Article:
Cutler v. State

Citation138 P. 1048,15 Ariz. 343
Decision Date28 February 1914
Docket NumberCriminal 348
PartiesS. R. CUTLER, Appellant, v. STATE, Respondent
CourtSupreme Court of Arizona

APPEAL from a judgment of the Superior Court of the County of Maricopa. J. C. Phillips, Judge. Affirmed.


The appellant was charged with the commission of the crime of rape upon one Valera Mills, a female child under the age of seventeen years, and was convicted. He appeals from the judgment of conviction, from an order refusing a new trial and from an order denying his motion in arrest of judgment. The prosecutrix's mother testified that her daughter Valera was born June 21, 1896. The prosecuting witness made her home with her mother at Nineteenth avenue south, in Phoenix. The mother's name is Alice Yerrick. The father of Valera is dead, and the mother has married again. On the evening of May 16, 1913, the prosecuting witness, Valera Mills, in company with Grace Wilkinson, met this defendant at a little candy store. The defendant talked to both girls for a time. Drinks of soda water were served, and they talked on general subjects. After they got through drinking, the two girls and defendant started to East Lake Park. At Washington street they saw Mr. Canning, the probation officer, and ran. Then defendant conducted the girls to his (defendant's) room. When they arrived at the room Bob Berry was there. The defendant got three bottles of beer and some sandwiches. After disposing of the beer and sandwiches, which took about an hour, Valera and defendant went into another room, and the door was shut between the two rooms. While in the room with the door shut the defendant had sexual intercourse with the witness Valera twice. At one time while the defendant was having intercourse with Valera, Grace Wilkinson entered the room. When these acts were accomplished, the defendant and Valera returned to the other room, where they had left Grace Wilkinson and Bob Berry. The proprietor of the rooming-house objected to the presence of the girls in the house, and demanded accused to get them out. Thereupon defendant conducted the two girls to a room in another part of the city. The girls undressed and went to bed at the last-mentioned room. Later defendant came, and he was admitted, and he undressed and occupied the same bed with the two girls, when the defendant again had sexual intercourse with Valera Mills.

The cross-examination of Valera Mills brought forth the facts That the witness had resided in Phoenix with her mother Alice Yerrick, for four years. That during that period she had been confined at the Crittendon Home for fallen women for three days, through the instrumentality of Mr. Canning, the probation officer. That since the date of the alleged offense, and before the trial, the witness had seen and talked to Mr. Canning two or three times, but he had not discussed the facts of the case with witness. He had told witness at one of these times that she was going to the reform school. That witness first told Mr. Adams what took place between herself and the accused. In the course of the cross-examination this witness was repeatedly addressed as "Miss Mills." In the course of the cross-examination of the witness Grace Wilkinson, the counsel for the accused invariably referred to the prosecutrix as "Mis Mills." Other facts are sufficiently stated in the opinion.

The appellant assigns the following as grounds for reversal of the judgment:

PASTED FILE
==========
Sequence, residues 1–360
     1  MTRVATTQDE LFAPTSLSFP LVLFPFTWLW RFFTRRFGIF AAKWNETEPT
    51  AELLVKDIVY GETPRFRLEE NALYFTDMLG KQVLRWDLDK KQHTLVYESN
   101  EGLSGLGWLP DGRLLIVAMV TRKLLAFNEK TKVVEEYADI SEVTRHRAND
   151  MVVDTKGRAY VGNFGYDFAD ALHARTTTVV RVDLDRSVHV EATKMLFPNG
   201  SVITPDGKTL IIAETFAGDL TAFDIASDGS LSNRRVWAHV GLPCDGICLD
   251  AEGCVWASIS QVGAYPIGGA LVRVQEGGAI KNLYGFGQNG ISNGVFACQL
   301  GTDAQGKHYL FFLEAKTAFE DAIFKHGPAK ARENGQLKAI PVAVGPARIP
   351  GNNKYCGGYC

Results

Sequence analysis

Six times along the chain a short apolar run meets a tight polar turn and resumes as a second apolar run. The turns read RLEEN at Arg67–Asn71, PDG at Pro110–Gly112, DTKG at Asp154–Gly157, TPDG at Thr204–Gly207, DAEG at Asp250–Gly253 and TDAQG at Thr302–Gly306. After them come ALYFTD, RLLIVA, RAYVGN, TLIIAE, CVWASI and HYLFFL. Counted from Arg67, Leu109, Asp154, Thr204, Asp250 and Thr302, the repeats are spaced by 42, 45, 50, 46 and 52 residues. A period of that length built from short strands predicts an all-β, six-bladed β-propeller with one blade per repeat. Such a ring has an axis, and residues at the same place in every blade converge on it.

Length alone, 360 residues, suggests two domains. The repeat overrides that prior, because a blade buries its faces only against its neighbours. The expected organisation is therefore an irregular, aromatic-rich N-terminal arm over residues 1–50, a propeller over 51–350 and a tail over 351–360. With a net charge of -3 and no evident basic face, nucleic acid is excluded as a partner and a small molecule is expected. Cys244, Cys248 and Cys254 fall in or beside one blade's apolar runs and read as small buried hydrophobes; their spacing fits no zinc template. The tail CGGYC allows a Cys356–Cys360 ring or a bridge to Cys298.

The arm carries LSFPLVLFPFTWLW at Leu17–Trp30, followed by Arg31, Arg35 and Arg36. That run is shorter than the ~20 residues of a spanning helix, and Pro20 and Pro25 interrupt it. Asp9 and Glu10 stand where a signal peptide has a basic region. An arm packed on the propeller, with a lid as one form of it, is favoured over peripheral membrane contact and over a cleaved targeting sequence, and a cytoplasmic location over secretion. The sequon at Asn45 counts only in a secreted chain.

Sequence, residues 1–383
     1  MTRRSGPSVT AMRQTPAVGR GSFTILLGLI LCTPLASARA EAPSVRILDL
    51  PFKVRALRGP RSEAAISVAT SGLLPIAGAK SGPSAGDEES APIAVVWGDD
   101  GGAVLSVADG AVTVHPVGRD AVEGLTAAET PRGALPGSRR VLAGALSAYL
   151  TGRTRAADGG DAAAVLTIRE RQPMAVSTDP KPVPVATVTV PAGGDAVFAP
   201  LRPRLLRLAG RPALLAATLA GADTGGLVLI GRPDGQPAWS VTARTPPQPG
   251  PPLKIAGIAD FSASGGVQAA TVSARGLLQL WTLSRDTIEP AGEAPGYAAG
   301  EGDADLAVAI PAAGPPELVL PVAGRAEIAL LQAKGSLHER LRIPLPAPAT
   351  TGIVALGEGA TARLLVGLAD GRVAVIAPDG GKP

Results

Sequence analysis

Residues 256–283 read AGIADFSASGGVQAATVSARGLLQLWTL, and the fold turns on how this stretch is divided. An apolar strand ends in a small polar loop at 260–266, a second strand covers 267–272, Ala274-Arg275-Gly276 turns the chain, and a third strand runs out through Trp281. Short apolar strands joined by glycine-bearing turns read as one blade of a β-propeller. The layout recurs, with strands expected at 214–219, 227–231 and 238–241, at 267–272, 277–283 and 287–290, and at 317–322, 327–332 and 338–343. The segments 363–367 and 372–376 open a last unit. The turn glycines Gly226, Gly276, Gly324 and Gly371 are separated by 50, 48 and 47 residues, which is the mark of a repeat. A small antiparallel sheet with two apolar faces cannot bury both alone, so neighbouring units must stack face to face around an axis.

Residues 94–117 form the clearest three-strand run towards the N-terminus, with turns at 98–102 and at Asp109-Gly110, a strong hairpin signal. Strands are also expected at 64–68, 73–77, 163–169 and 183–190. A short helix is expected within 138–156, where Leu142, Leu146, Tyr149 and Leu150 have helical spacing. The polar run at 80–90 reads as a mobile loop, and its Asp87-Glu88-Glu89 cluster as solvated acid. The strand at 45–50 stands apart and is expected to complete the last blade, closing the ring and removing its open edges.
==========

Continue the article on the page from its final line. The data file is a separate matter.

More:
(1) "The court erred in permitting the witness . . . Grace Wilkinson to testify on direct examination, over defendant's objection, that she received notes from defendant in response to those written by her to him."

(2) "The court erred in permitting . . . Grace Wilkinson to testify on direct examination, over defendant's objection, that a certain paper note was sent to her by defendant."

(3) "The court erred in not instructing the jury to disregard certain remarks of the county attorney at the close of his argument to the jury, which remarks were prejudicial to appellant."

(4) "The court erred in overruling defendant's motion for a new trial on the grounds that there was a fatal variance between the information and the evidence."

Mr Benton Dick, for Appellant.

Mr. G. P. Bullard, Attorney General, and Mr. Leslie C. Hardy, Assistant Attorney General, for Appellee.



The first and second assignments of error are without merit. The prosecution asked the witness Grace Wilkinson the question, "Did you receive any notes which were responsive to and referring to the notes which you sent to this defendant?" Defendant objected, and the objection was overruled, and the witness answered, "I did." The witness was shown a paper and asked to state whether or not "that is responsive to any note sent by you to the defendant." To this defendant objected, the objection was overruled, and the witness answered, "Yes, sir." The contents of the note or paper were then offered, an objection interposed, and the evidence rejected by the court. The questions and answers were preliminary to and bearing upon the admissibility of the evidence about to be offered, and addressed to the court. The jury is not concerned with the question of the admissibility of the evidence offered. The appellant has received no injury when, as here, the questions and answers bearing upon the admissibility of an item of evidence is received by the court for the information of the court, when the court rules with the party objecting, and excludes the evidence concerning the admissibility of which the questions were asked and the answers given. The jury is concerned only with the evidence that is admitted by the court for their consideration and not with the rules of law entitling the evidence to be admitted.